England’s only natural World Heritage Site
The Jurassic Coast needs no introduction: renowned worldwide for its breathtaking scenery and geological importance, this 95 mile stretch of coastline dominates Dorset’s landscape, history and character.
With its countless unspoilt beaches, magnificent panoramic views and endless opportunities for exploration, the Jurassic Coast will take you on a literal walk through time, leaving you planning your next trip before this one’s ended. But where to start?
The Isle of Purbeck’s Jurassic Coast
Easily explored from Swanage and its surrounding areas, the Purbeck stretch of the Jurassic coastline boasts some of Britain’s most well-loved landmarks and offers a multitude of memories in the making.
The epic evolutionary history of the Jurassic Coast
Designated a World Heritage Site in 2001 by UNESCO for its ‘Outstanding universal value’ to the study of earth science, The Jurassic Coast is rich with important fossil sites and geological landforms of global significance that span 185 million years – or the Mesozoic Era.
The Mesozoic Era is made up of the Triassic, Jurassic and Cretaceous periods, but as that was a bit of a mouthful, the Jurassic Coast gained its name from the most well-known of these.
Planet Earth’s history is beneath your feet as you walk along paths or over rocks, and among the breathtaking cliffs with each step on the Jurassic Coast.
Triassic Period (252 to 201 million years ago)
Dinosaurs evolved and roamed across the single land mass, Pangaea.
Evidence of this period on the Jurassic Coast can be found further west and into Devon – where the rock has a more red colour due to the deserts formed in the hot, dry climate at this time. Although rare, fossils from the Triassic period can be found on the Jurassic Coast.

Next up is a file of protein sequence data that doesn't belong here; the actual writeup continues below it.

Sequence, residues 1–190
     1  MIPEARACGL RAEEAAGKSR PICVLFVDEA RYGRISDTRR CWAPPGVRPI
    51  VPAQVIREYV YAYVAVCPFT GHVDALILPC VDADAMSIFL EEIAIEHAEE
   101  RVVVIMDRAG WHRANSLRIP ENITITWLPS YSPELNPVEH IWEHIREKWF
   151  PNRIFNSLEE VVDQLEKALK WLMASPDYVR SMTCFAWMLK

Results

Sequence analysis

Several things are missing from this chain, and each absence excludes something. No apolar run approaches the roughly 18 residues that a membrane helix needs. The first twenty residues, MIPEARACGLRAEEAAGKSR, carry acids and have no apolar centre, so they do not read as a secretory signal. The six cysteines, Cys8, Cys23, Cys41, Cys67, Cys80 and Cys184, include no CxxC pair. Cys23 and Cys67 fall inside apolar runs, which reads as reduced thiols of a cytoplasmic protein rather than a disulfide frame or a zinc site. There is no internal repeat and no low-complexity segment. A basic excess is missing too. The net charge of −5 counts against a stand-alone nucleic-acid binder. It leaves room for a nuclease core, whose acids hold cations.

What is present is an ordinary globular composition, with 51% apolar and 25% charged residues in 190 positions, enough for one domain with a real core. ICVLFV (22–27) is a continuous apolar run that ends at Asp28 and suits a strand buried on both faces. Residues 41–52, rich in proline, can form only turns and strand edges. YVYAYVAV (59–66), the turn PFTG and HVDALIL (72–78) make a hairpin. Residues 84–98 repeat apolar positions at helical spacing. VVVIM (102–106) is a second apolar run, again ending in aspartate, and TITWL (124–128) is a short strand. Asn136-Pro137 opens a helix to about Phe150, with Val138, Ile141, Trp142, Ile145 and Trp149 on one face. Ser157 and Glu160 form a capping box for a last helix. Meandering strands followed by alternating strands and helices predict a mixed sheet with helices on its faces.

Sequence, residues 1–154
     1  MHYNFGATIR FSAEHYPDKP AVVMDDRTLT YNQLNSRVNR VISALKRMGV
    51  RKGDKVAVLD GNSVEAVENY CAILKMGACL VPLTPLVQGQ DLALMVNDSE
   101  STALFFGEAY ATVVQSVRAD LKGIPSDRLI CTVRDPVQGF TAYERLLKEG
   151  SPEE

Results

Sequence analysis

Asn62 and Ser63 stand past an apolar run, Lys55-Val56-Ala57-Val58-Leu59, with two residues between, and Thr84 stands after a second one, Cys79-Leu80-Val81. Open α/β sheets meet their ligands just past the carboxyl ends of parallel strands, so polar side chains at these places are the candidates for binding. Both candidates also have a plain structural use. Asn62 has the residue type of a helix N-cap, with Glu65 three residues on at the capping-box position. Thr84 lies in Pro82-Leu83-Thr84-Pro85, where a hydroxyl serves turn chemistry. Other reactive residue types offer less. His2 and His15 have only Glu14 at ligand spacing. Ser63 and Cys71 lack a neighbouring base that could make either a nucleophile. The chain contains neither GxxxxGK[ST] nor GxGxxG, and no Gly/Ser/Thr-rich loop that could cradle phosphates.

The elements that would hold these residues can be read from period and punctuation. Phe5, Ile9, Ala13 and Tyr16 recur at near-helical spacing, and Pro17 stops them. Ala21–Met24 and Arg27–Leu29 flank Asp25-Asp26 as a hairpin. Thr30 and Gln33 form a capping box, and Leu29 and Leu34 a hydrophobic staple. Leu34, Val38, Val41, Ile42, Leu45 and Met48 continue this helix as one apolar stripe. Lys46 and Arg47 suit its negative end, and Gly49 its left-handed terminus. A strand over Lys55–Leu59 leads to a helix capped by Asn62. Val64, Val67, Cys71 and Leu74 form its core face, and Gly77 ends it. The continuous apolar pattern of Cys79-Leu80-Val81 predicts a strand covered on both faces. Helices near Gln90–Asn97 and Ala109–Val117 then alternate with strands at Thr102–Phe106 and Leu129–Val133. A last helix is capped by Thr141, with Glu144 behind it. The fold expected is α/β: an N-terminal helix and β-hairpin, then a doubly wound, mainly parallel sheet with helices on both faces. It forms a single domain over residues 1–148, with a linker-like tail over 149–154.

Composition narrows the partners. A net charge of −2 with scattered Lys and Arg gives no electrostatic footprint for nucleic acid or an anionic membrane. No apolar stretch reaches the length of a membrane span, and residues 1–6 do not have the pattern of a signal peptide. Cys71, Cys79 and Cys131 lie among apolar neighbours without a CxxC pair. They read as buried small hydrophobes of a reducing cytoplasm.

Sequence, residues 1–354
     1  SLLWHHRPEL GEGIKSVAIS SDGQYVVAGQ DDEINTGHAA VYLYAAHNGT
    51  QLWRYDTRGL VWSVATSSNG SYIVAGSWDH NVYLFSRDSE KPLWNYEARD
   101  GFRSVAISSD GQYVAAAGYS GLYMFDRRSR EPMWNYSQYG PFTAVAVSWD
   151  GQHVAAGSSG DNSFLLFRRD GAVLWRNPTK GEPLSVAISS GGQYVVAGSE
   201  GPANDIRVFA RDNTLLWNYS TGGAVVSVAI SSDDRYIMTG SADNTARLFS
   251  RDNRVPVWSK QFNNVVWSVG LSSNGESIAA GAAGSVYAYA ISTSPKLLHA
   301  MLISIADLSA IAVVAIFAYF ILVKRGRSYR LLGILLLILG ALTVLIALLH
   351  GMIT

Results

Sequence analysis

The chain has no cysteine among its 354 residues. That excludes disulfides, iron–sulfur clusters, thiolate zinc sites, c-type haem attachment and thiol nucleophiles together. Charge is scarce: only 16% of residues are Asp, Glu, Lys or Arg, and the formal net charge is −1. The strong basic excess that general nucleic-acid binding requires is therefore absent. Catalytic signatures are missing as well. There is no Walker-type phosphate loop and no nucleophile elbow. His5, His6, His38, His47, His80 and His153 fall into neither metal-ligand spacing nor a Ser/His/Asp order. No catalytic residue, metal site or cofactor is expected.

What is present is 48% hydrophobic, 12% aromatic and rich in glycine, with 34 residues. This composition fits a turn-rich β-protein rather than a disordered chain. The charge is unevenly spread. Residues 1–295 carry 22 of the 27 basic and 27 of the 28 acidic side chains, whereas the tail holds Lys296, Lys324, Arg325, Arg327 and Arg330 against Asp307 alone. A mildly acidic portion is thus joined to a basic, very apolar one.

Then huge volcanic eruptions and earthquakes began to shake the land, causing the ‘supercontinent’ Pangaea to break into two.
Jurassic Period (201 to 145 million years ago)
Following a mass extinction of many land animals, dinosaurs survived, adapted and grew in number.
A slightly cooler and precipitous climate gave way to trees and plant life thriving – meaning that herbivorous dinosaurs could evolve and develop into herds that roamed the land.
The yellow sand and limestone cliffs of the famous ’Broadchurch’ cliffs of West Bay in West Dorset, along with Portland Limestone, were formed in the Jurassic period and provide some stunning scenery..
Cretaceous Period (145 to 66 million years ago)
Dinosaurs began diversifying as the land masses separated further apart, evolving independently.
Other flora and fauna were evolving now too – such as flowers, snakes and insects.
The striking white chalk of iconic landforms such as Old Harry Rocks here in Purbeck reveal the most recent ‘layer’ of Mesozoic rock – and are made up of many millions of calcium deposits from tiny fossilised single-cell creatures. In fact, this period – ‘Cretaceous’ – derives from the Latin ‘creta’, meaning ‘chalk.’
Walk in the footsteps of dinosaurs
It’s believed the area was once a watering-hole for brachiosaurs – some of the largest animals to ever have lived on Earth.
Quick itinerary for exploring the Jurassic Coast in…
For a quick park-up and scamper with the kids or the dog:
- Ballard Down (and Nine Barrow Down) – skirting the cliffs of the Purbeck Hills, there are numerous starting points to walks offering panoramic views of the Jurassic Coast. For a short walk encompassing the imposing Obelisk, park at Victoria Avenue car park, or for a longer, more strenuous stroll park at Challow Walkers car park in Corfe Castle – or take the steam train from Swanage – walk up the hill and across to Nine Barrow Down. You can walk all the way back to Swanage from here
- Lulworth Range walks – for some impressive vistas and access to some of the Jurassic Coast’s most unique history the Lulworth Range walks offer a variety of short and longer walks. A favourite for many (though generally quieter than some other more well-known spots on the Jurassic Coast) is Worbarrow Bay – a short walk from the must-visit ‘ghost’ village of Tyneham, with its poignant history